Despite their abundant similarities, Samurai Warriors has always played second fiddle to its sister series, Dynasty Warriors. To its credit, the latter more or less invented the 3D hack-and-slash genre as we know it today. Without its success, we wouldn’t have its Japan-set counterpart or the myriad of offshoots that have sprung up over the last two decades from developer Omega Force.
However, it’s clear Dynasty Warriors is no longer sitting pretty at the top of the heap. The last outing, 2018’s Dynasty Warriors 9, was a massive misfire for the franchise, so much so that Omega Force didn’t even bother making an Xtreme Legends expansion of the title as it did with prior entries. Clearly, if there was any time for the Samurai Warriors series to usurp the throne, it’s right now with Samurai Warriors 5.
Samurai Warriors 5 positions itself as a great introduction to the series and the Musou genre at large. Set in Japan’s Sengoku period, the game’s story follows Nobunaga Oda and Mutsuhide Akechi through the trials and tribulations of the era. Throughout their adventure, they’ll meet and fight dozens of other historical figures, avoid assassination attempts, send family members to their death, and more.
For this hands-on, I played through the first two chapters of the game’s story mode, which follows Nobunaga Oda during what can only be described as his Tiger Beat teen idol days. Nearly everyone in Samurai Warriors 5 received a makeover for this installment, and while some character designs clearly got more attention than others, this is a great-looking cast of characters fighting their way through a great-looking world. The art direction can be incredible at times, and even when it’s at its worst, through these first two chapters, it never sinks down to the dull and blurry battlefields we’ve seen in games past. I know Warriors Orochi 4 looks fantastic when running on a PlayStation 4 Pro, but this right here might be the best-looking non-licensed Musou to date.
Even the presentation of the non-combat sections is better here. While storytelling in Musou games tends to drag, the cutscenes of the first two chapters are well-directed and visually engaging enough that I actually paid attention to the dialogue rather than just skipping ahead to the grunt-juggling action.
Speaking of grunt juggling, Samurai Warriors 5 may sport a new look, but gameplay-wise, it’s the same two-button combo system I’ve been enjoying since Samurai Warriors 3 on Nintendo Wii. Link together weak and strong attacks to perform devastating combos against swarms of enemies, unlocking more attacks the higher you level up. You can also customize your warriors with the Ultimate Skills feature, which lets you assign up to four different skills to the right bumper menu. You’ll unlock a variety of skills as you level up the cast and these skills can boost your strength, your health, or your Musou Gauge, or unleash an attack skill that is highly useful against specific enemy types. Because these skills can give you such a great advantage, it’s probably best you crank up the difficulty if you want to experience any semblance of a challenge.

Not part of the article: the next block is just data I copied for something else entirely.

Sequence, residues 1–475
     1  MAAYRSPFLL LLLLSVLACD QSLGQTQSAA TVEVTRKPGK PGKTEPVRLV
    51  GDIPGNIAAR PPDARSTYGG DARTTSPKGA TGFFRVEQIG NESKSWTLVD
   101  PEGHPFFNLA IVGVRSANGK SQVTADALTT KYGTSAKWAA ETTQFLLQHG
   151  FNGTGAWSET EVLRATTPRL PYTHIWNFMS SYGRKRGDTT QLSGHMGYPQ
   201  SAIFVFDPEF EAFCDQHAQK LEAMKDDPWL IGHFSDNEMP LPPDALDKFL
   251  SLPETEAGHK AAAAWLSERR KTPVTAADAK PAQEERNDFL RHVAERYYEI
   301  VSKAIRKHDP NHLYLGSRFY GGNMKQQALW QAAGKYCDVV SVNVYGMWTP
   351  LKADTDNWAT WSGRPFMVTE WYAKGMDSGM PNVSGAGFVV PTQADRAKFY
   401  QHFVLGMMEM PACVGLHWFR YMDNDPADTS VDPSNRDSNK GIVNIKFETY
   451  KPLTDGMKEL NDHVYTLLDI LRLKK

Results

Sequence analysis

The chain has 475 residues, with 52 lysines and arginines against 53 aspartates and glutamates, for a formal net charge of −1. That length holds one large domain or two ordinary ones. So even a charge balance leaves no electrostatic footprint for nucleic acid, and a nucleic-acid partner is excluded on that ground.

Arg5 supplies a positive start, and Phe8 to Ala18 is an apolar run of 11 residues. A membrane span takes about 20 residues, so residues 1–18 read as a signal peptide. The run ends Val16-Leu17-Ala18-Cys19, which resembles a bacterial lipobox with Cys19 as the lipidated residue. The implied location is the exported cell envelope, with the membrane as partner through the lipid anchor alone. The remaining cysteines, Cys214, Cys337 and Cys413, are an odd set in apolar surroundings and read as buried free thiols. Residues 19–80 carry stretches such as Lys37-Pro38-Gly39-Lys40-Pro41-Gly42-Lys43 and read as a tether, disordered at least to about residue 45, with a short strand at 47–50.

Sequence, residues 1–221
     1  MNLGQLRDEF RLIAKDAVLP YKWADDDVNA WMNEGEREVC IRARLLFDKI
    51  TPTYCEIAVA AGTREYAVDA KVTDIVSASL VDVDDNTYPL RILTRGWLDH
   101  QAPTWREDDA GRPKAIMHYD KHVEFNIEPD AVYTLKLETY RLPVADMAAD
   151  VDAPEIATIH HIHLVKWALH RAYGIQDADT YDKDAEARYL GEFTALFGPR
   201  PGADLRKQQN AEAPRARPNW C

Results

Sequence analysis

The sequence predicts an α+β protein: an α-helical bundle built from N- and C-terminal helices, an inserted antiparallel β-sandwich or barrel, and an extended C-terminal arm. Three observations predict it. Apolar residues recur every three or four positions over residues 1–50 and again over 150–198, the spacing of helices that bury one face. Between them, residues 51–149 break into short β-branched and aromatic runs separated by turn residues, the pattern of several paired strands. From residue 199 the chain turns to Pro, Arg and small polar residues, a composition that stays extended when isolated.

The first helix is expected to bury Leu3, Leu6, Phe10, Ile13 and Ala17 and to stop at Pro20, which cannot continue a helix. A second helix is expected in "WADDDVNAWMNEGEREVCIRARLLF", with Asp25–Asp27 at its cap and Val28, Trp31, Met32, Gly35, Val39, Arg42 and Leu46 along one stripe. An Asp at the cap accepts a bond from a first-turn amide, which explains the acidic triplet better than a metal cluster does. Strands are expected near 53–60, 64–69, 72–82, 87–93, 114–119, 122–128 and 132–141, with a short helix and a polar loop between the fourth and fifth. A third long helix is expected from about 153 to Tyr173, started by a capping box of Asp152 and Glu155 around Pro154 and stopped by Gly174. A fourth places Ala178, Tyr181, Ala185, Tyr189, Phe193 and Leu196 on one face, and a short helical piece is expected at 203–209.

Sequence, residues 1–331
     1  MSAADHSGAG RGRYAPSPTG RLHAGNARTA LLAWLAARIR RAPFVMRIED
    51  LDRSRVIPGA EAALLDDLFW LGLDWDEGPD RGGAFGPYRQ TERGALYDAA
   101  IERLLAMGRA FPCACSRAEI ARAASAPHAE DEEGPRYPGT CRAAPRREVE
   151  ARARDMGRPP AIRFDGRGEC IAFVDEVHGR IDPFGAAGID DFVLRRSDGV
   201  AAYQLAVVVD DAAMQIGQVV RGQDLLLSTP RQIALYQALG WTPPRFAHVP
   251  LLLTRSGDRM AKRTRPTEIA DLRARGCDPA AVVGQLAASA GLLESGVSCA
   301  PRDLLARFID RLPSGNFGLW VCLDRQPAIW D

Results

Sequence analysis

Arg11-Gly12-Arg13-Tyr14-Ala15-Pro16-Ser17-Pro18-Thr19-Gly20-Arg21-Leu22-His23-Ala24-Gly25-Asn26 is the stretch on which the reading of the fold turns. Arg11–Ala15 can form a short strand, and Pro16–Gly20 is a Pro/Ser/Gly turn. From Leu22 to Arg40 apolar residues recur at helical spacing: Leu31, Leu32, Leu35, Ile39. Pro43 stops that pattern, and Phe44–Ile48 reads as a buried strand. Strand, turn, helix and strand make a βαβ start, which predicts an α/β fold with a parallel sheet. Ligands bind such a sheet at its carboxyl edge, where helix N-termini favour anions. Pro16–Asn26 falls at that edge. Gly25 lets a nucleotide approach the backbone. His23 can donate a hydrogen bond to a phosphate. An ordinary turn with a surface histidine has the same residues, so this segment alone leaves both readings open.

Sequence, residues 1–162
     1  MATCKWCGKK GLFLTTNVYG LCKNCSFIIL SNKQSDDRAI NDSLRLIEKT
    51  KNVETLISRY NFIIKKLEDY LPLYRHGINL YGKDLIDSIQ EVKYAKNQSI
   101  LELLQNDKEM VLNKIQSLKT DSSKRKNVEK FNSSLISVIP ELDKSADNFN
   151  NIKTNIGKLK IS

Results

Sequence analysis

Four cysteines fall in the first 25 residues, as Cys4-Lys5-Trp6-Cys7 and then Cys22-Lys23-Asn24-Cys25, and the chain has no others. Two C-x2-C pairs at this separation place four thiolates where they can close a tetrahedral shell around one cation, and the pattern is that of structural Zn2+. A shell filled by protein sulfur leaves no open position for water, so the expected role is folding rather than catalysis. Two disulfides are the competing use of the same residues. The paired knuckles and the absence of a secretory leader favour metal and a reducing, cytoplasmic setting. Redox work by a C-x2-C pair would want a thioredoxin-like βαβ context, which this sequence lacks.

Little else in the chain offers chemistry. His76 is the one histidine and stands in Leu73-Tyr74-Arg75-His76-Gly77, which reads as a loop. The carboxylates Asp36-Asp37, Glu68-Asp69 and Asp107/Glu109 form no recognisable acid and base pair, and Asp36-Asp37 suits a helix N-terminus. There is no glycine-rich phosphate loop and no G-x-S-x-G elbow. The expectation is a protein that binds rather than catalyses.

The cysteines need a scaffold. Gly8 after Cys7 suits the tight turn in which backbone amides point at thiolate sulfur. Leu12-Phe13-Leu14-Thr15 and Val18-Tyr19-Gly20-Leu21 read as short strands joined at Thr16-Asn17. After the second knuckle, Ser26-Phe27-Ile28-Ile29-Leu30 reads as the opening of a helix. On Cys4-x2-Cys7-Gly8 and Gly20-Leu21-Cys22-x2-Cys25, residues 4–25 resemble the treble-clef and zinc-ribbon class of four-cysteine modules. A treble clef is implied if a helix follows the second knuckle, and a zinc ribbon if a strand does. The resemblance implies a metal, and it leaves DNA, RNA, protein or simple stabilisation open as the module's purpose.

I was worried Samurai Warriors 5 wouldn’t run all that well on my new PC. It’s not the strongest–info on my rig is here–and for the first few days, the game wouldn’t load for me at all. After working with the developers, an update released that managed to get it running on my laptop and running quite well. While character movement in the cutscenes can be a little janky, on the battlefield, where it really counts, it ran nearly flawlessly. No major drops of the framerate, no freezes, no errors, no lag; just the same braindead AI I’ve become accustomed to with this series. And really, that’s about the best I can ask for.
There is a lot more to this game I wasn’t able to get into for this hands-on, but I can say I’m impressed with what I’ve seen. It’s simply more of the classic Musou comfort food that I developed an appetite for back on the Wii, only a hell of a lot prettier. Samurai Warriors 5 launches July 27 for PlayStation 4, Nintendo Switch, Xbox One, and PC via Steam.